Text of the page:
The Building Science of Floor Systems

Vapor drive can be just as important in crawl space wood floor assemblies as it is in wall designs
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Sponsored by AdvanTech® subfloor assembly
By Peter J. Arsenault, FAIA, NCARB, LEED AP
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The Role of Flooring

With an understanding of the relevant requirements and options for the crawl space itself, we now turn our attention to the flooring assembly above it. The common construction is to use wood floor joists (i.e., dimensioned lumber, engineered wood joists, floor trusses, etc.) to span the distances between the perimeter of the crawl space and any intermediary piers or supports. On top of this are placed panels of plywood or engineered wood that is glued and nailed per generally accepted standards. Then the final layer is placed in the form of finish flooring of whatever type is selected. Underneath, insulation is added between the joists if it is a vented crawl space, or the space is left open if it is an unvented crawl space.

This approach to floor assembly construction over a space below has been in use for generations and is fairly common. The issue we are concerned about here is the way that moisture and temperature operate in these assemblies. The fundamental physics of the situation is that the floor assembly creates a barrier between the space above and the space below. When the temperature and humidity levels are different on the two sides, nature will do what it always does: seek to equalize the differences. Heat always flows toward colder areas, and air with more humidity spreads into dryer air. The wood portions of the assembly will allow both heat and humidity to transfer based on the physical properties of the wood used. We use insulation to further interrupt or slow the transfer of heat to keep buildings more comfortable and use less heating/cooling energy in the process. Humidity or vapor transfer is restricted either intentionally or accidentally also by the materials that are used in the assembly.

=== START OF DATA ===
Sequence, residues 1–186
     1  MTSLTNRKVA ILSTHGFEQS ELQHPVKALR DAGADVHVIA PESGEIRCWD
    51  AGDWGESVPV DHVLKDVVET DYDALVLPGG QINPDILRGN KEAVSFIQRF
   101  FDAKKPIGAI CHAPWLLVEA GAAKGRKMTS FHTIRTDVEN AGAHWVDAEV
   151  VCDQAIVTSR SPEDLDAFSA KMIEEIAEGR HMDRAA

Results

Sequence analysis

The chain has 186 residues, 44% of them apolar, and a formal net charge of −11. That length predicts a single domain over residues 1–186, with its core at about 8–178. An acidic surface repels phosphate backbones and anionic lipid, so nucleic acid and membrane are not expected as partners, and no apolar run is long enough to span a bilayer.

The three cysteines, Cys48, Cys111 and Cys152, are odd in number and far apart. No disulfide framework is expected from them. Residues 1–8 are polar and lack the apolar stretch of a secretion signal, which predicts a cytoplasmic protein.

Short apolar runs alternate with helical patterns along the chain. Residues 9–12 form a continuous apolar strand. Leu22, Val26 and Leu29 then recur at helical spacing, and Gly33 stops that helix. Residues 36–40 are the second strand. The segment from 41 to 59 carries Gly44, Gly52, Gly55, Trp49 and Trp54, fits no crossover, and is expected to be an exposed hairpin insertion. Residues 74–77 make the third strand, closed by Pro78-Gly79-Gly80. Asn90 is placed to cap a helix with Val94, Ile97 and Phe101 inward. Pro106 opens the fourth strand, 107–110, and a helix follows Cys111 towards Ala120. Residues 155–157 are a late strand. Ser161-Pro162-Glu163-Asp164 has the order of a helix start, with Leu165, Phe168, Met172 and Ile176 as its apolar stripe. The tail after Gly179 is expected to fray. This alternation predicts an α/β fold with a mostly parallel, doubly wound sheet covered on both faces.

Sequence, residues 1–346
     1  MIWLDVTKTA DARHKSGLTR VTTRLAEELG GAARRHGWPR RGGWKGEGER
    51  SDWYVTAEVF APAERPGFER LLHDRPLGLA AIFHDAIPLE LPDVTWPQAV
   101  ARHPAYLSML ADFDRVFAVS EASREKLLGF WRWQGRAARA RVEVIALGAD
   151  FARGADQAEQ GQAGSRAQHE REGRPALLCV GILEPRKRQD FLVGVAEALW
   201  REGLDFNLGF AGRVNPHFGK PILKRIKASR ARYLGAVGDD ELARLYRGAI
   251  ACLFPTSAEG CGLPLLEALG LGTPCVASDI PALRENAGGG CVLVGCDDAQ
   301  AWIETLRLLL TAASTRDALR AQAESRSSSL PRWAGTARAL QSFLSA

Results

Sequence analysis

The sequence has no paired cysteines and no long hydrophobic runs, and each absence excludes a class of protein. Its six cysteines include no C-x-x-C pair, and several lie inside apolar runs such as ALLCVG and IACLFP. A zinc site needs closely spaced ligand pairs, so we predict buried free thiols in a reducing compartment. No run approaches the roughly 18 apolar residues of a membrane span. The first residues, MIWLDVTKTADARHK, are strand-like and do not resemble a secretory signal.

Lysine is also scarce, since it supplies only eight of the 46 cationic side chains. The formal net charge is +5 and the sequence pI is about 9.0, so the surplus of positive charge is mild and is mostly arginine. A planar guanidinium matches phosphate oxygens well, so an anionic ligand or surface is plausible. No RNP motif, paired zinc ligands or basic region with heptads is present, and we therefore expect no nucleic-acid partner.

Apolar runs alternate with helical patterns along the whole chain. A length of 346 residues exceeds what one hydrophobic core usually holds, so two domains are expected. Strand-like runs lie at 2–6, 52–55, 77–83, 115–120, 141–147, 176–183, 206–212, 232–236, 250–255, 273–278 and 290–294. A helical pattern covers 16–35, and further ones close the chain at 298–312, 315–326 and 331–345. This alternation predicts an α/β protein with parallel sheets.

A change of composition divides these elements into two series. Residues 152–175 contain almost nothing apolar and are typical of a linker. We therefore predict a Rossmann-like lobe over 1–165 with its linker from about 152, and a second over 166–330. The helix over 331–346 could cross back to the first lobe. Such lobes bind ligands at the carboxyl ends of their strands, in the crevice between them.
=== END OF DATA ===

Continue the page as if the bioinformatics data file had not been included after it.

Images courtesy of Huber Engineered Woods, LLC

Different types of flooring will react to moisture in different ways and will have different rates of permeability. Improper moisture management can show up as floor problems, but the real issue is below.

When vapor moves by itself through a material, this is referred to as “vapor drive,” which is not necessarily induced by the air but rather the materials. So if moisture is trapped next to or inside a material (like wood), it is vapor drive that will move it outward, allowing the material to dry out. The determination of how much vapor will transfer into or through a material, and at what rate, is the permeability (perm rate) of the materials used. We have already noted that wood is porous and fairly permeable, such that floor joists can allow for moisture to pass through. Wood subflooring is made from wood, but the glues and resins used in some engineered wood panels reduce its permeability, which can be a good thing. In fact, within the wood subflooring sector, there are ranges of quality that are simply referred to as good, better, and best. The permeability of the subflooring tends to decrease as the quality increases, thus helping to restrict vapor drive. Insulation comes in different types and can range from impermeable (i.e., closed-cell spray foam) to very permeable (i.e., fiberglass batts) and places in between, all depending on the material selected. Finally, the finish flooring can range widely based on materials used. For example, carpet and hardwood flooring are very permeable. On the other hand, many resilient floorings, including the increasingly popular LVT and LVP, are quite impermeable, meaning that they do not allow much if any vapor or moisture to pass through them.

Image courtesy of Huber Engineered Woods, LLC

Different types of insulation have different perm ratings indicating their vapor permeance.

The goal in successful floor assembly design is to allow for the opportunity for the floor assembly to dry out if vapor or moisture does get into it. In the days when no insulation was used in the floors and the assembly was primarily wood, this was pretty easy, as any moisture or vapor passed easily through to either side of the assembly. Building science now requires us to design for the drying potential of assemblies to avoid creating a condition that will prevent proper drying. In the case of floors over a vented crawl space, the general recommended strategy is to increase the permeability from the bottom up to allow drying to occur toward the interior if needed. The assumption here is that a vented crawl space is being used that has little drying potential toward the ground.